Lauretta Sondag
Artist, Writer, Independent Spirit


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Girl Walking

My acquaintance with Lauretta Sondag began five years ago, when I first saw this painting up for auction on eBay. Perhaps at first sight (or even at second sight) the art connoisseur would not be impressed with this work, but if you've spent any time at all surfing the oceans of sunny, be-mountained landscapes and storm-tossed seas commonly up for sale on eBay, it might impress you a bit. Because let's face it: most of painters this world has produced are talented in technique, but they have little to say. There are millions of beautiful landscape paintings out there with impressive renderings of clouds and delicate treatments of grass and leaves and the reflection of sunlight on water, but they are empty of ideas, feelings or empathy. You look and you move on, and that is why that artist's painting is for sale on eBay for less than $100.

This painting of Lauretta's is another matter altogether. In contrast to other eBay artists, her technique is maybe a little sloppy. The stone wall appears to have been painted with a heavy, impatient hand, and there are expressionistic moments where you would hope to see detail and vice versa.

But still.

The overall effect of this painting makes an impression; it makes the view ask questions. I was struck by the crooked tree that cuts the painting almost in two, like a cleft in the fabric of the world. And the little girl walking away from us out of the picture, who at first seems like an afterthought, eventually came to be downright unsettling to me. I don't think I've ever seen a girl depicted this way before, so completely alone, dwarfed by her surroundings (which appear to be collapsing in upon themselves in chaotic tumult); yet her stride is confident, almost heroic, as if she's planned her exodus quite carefully, knows just where she's headed, and is quite able to get there all by herself.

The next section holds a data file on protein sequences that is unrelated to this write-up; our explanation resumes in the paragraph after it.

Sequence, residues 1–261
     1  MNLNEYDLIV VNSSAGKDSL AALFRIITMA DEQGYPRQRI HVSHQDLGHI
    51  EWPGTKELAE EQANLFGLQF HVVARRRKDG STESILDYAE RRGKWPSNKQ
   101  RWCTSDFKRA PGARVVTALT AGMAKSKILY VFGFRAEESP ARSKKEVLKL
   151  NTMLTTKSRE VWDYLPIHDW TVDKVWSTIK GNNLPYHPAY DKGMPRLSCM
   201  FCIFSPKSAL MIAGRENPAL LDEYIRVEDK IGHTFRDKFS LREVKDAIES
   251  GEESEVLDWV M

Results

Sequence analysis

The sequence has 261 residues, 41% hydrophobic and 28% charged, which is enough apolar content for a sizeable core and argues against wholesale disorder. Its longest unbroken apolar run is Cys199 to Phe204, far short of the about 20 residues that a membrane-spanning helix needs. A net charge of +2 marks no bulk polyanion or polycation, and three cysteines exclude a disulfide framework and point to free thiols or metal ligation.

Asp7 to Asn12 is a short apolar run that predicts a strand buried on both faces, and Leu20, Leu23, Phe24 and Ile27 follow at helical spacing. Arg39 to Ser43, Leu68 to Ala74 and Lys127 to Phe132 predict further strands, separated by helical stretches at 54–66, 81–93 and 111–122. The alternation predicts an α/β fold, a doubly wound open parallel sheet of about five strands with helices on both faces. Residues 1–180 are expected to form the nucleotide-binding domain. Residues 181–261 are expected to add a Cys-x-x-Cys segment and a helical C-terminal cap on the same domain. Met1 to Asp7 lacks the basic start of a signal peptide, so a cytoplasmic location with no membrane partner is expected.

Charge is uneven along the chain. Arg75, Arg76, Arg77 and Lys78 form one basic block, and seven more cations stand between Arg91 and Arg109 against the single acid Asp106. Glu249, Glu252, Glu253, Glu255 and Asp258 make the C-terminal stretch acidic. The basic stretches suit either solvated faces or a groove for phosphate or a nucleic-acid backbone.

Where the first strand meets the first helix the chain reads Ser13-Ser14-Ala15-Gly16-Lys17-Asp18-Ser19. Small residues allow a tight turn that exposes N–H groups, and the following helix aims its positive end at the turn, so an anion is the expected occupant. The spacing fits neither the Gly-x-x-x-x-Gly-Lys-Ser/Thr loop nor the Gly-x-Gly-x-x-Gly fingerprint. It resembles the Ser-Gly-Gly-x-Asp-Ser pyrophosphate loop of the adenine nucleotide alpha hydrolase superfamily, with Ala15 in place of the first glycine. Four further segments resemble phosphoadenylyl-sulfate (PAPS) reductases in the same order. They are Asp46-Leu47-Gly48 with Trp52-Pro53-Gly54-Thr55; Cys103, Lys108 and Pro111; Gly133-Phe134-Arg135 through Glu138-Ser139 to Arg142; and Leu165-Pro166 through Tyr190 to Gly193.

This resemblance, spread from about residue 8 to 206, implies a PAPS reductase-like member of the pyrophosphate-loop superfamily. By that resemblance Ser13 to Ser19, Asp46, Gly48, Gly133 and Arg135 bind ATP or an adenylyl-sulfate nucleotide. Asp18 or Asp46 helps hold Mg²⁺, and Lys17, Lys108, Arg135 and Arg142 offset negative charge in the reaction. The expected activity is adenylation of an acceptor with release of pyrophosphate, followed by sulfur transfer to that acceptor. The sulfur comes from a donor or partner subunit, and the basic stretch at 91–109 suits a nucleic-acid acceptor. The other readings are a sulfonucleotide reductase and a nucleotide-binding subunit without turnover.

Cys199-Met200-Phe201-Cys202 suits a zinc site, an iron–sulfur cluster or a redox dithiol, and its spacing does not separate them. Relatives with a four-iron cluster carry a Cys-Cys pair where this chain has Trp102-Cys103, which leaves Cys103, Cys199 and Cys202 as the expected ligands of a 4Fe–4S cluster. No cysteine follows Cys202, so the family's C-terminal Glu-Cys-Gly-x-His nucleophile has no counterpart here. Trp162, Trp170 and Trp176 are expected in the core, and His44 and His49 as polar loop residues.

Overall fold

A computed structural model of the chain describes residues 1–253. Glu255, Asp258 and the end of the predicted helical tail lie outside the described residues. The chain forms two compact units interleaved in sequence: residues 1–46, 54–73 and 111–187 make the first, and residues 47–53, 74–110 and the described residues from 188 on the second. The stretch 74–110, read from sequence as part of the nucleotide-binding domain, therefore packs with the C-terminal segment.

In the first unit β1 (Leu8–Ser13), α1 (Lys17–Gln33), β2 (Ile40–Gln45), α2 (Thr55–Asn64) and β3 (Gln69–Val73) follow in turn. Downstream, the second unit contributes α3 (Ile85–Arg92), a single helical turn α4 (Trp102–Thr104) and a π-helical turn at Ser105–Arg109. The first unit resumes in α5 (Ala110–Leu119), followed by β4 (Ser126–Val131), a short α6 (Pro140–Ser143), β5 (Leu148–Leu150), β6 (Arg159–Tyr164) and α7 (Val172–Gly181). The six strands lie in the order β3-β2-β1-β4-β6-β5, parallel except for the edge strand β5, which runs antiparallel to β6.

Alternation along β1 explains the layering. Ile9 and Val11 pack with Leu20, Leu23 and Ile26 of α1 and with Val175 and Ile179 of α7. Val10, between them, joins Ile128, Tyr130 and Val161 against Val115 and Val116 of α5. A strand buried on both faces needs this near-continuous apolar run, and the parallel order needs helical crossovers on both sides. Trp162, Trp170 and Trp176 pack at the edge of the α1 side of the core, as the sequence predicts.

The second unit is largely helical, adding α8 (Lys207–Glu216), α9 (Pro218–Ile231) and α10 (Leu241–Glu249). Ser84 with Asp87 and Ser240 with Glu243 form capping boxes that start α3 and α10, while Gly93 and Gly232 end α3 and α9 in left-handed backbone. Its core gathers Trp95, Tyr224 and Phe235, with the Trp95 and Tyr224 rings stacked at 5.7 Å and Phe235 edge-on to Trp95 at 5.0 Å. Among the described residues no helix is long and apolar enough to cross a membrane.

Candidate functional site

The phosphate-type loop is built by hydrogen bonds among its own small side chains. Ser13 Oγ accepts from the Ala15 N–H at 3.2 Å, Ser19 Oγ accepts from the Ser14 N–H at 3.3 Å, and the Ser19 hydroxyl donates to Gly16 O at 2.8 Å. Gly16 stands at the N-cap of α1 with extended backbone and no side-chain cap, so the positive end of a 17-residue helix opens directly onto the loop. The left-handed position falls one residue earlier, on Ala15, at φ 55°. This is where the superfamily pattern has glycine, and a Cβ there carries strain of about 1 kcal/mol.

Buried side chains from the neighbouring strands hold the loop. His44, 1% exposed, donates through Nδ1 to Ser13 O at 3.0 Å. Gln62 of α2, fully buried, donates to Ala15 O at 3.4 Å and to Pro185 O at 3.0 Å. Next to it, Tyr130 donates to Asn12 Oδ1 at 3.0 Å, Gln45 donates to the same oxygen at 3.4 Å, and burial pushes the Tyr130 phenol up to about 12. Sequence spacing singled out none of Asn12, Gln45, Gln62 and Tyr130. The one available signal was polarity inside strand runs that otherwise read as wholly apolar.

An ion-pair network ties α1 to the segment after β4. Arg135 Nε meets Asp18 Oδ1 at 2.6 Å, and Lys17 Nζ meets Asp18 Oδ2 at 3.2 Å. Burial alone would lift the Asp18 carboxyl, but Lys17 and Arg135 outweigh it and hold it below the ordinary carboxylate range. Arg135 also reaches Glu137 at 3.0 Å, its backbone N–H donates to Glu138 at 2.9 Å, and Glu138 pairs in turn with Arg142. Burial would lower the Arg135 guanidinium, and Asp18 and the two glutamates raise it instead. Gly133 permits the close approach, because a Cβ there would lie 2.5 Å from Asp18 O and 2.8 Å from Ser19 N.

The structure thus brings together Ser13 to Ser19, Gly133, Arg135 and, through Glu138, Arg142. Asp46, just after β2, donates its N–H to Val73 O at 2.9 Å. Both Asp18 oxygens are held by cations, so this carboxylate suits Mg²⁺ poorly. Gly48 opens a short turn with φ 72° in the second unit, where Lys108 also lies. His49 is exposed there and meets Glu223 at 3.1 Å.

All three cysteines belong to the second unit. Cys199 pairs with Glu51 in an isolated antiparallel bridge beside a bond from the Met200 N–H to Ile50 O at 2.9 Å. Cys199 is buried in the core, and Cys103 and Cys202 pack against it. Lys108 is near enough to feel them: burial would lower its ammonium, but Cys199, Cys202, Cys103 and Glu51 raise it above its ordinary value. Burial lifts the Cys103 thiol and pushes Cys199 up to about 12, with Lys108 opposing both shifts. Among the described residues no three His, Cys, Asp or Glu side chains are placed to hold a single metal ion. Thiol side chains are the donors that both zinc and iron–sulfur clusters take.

So it goes without saying that I bought this painting. It joined my household at a time when I felt I was facing chaos all alone, and I came to see it as a partner in my struggle. I would come home at night and give that painting a little hello nod, and I always felt like it responded in kind. The little girl was too busy with her own campaign to give me her full attention, but she would wave me off as if to say, this too shall pass. We are strong; press on.

Soon I started wondering about the artist, Lauretta Sondag of 830 S. Michigan, Chicago, Illinois (she wrote her address on the back of the painting, which I later learned was not her usual habit). Bit by bit I began to piece her story together, at first with the hope that I could write to her and thank her if she was alive. Later, after I learned of her sudden death at the age of 32, a casualty of the Great Depression, I continued out of a strong feeling that her life, now lost, needed to be a life again. For me, if not for the rest of the world.

The story of my search for Lauretta is interesting in its own right (for me at least) and includes numerous instances of kismet, spooky coincidence, synchronicity, etc. Sometimes people have asked me if I thought that she was haunting me, and sometimes I ask myself that same question. And the answer is, of course she is. That is what artists do. Every piece of art is a curse that its creator puts on us; a demand for our attention and a claim on us long after the artist herself is gone. And every time I think I've done all I can to find Lauretta, I look at this painting, and that little girl tells me, “no, this is not finished. I still go on, and so do you.”


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